With her first paycheck from the Lonaconing Silk Mill - $74 for two weeks of work - Betty Lou McIndoe bought herself a "gold wind-up wrist watch with a black face." Betty Lou began working at the mill, in western Maryland, in 1948, when she was 18. Her mother started work in the mill, in 1924, at age 13. Betty Lou's stepfather, Charlie Walters, was the mill superintendent; her aunt, uncle, boyfriend, and several high school friends also worked at the mill. "It was like a big happy family - well, all my family worked here," she said recently. She still has the watch she bought with her first paycheck.
The Klotz Throwing Company, based in New York City, began construction of the Lonaconing mill in August 1905, and opened for business in April 1907. Klotz already had a successful plant in South Cumberland, not far from Lonaconing, and liked to locate its mills in coal-mining areas, which had railroads, lots of cheap labor, and fewer laws and regulations than the big city. As many as 80 percent of the mill workers were women.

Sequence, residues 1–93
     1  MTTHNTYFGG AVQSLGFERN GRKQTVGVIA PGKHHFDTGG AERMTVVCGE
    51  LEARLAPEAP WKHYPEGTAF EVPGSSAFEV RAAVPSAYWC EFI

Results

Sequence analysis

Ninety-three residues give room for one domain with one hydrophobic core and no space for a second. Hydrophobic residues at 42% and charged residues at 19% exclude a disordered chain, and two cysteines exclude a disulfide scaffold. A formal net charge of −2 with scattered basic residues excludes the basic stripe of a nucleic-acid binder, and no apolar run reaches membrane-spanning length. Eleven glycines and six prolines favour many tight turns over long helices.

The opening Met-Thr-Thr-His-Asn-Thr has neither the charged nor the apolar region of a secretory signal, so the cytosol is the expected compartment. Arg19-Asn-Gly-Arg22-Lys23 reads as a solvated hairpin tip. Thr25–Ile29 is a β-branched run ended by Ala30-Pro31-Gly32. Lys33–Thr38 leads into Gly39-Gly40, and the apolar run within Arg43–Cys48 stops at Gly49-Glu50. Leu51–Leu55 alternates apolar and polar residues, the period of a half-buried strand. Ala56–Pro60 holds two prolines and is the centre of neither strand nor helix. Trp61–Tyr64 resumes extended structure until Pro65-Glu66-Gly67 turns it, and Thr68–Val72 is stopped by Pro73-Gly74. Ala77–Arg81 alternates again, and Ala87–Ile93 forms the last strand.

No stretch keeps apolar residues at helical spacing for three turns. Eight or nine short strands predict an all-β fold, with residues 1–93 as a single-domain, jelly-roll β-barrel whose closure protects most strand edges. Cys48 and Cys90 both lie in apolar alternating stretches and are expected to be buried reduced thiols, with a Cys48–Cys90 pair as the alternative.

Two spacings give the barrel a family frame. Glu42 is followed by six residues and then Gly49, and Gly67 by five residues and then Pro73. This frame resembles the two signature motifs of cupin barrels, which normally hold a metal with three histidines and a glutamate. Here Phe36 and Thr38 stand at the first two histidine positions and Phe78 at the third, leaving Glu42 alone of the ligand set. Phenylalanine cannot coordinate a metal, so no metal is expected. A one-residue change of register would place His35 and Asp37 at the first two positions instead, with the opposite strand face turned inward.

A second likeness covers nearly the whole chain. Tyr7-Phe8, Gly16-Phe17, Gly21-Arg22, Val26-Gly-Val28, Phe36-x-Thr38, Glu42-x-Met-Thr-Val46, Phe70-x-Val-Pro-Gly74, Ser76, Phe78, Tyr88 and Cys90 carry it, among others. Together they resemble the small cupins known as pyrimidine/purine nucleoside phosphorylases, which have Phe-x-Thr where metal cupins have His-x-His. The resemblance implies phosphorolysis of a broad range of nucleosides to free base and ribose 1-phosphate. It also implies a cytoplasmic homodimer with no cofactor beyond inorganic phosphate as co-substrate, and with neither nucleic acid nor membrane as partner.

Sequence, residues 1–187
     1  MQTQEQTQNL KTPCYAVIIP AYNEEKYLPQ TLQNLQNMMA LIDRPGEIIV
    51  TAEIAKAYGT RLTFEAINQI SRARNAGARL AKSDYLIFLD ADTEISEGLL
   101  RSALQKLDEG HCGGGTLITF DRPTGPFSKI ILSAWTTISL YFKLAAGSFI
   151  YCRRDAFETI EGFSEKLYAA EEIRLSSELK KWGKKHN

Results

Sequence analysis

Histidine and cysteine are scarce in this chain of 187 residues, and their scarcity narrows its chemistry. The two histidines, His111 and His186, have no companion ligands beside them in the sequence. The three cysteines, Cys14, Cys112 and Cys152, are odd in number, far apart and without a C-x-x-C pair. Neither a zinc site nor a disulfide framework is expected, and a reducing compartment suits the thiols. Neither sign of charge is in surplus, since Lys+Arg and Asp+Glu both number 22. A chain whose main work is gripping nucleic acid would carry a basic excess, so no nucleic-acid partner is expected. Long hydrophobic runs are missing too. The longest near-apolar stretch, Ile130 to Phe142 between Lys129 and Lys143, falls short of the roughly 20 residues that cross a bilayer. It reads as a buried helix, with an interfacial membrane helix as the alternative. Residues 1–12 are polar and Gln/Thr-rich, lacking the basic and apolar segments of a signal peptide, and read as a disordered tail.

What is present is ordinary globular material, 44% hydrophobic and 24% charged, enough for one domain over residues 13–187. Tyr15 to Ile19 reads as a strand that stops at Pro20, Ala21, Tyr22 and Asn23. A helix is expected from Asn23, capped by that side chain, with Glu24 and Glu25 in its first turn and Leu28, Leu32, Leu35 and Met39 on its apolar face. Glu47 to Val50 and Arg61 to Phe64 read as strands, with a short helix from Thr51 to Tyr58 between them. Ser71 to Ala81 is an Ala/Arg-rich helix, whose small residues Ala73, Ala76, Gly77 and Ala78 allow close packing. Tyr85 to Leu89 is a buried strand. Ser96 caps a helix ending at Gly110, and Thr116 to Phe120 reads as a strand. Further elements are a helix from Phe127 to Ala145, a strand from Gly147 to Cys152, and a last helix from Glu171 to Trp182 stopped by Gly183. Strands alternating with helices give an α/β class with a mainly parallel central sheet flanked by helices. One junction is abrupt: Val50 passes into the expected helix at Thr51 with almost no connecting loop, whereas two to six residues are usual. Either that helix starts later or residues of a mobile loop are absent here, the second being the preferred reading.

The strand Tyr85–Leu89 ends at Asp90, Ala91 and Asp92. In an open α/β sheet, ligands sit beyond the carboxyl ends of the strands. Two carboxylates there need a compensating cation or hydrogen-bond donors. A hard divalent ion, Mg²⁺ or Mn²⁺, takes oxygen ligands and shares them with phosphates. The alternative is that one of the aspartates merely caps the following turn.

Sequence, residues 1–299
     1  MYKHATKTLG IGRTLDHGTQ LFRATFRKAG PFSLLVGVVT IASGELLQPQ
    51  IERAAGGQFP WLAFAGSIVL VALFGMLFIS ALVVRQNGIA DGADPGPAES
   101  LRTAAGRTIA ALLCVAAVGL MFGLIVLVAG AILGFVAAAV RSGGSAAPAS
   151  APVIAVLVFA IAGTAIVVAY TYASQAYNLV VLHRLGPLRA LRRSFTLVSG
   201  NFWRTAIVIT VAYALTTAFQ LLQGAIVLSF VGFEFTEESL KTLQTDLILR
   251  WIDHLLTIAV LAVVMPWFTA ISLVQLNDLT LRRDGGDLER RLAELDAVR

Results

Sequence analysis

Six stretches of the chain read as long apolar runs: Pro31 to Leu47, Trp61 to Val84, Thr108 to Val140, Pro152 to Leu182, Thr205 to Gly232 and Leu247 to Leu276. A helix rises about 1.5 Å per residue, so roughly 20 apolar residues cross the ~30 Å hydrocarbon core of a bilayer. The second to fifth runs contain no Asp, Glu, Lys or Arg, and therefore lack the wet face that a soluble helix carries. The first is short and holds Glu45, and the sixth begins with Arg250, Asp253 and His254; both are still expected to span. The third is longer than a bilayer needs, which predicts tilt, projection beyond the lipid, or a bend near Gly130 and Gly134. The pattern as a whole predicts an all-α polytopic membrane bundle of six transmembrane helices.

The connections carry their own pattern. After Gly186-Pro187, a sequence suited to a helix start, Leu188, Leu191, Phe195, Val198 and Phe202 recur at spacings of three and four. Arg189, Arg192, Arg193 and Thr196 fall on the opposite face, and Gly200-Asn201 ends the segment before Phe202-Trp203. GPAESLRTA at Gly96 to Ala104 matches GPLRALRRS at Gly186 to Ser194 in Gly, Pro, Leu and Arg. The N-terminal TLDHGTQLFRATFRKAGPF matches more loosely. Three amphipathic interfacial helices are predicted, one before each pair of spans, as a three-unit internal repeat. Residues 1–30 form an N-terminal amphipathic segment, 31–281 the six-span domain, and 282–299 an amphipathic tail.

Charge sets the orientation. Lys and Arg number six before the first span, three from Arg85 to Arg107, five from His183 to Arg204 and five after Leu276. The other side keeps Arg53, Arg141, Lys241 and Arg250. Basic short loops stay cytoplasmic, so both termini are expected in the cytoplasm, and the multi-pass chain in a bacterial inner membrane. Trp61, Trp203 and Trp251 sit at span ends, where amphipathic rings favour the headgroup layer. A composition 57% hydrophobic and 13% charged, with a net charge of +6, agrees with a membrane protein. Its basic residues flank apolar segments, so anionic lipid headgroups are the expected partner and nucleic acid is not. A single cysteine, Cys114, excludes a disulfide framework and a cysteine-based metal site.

The mill took raw silk and turned it into yarn or thread that could be used in the manufacture of clothing and other items. The mill had its own railroad siding, where bales of silk from Japan and China were delivered. Each bale had a "chop mark" - a label from the company of origin - and each bale contained several skeins of raw silk. The silk was unpacked, unraveled, washed, dyed and dried, unwound on winding machines, spun, and "doubled" - several strands twisted and wound together to make a thicker, stronger yarn. It was then wound on bobbins, quills, and cones to be shipped to customers.
Business was so good that an addition to the mill was built in 1916. In 1920 records show that 359 people worked at the mill, which contributed greatly to the prosperity of Lonaconing, which at one point had two newspapers, an opera house, hotels, banks, a theatre, and a number of stores. The mill provided stable employment, which was important when the men who worked the coal mines were furloughed during slow periods, or were not working due to a labor disruption.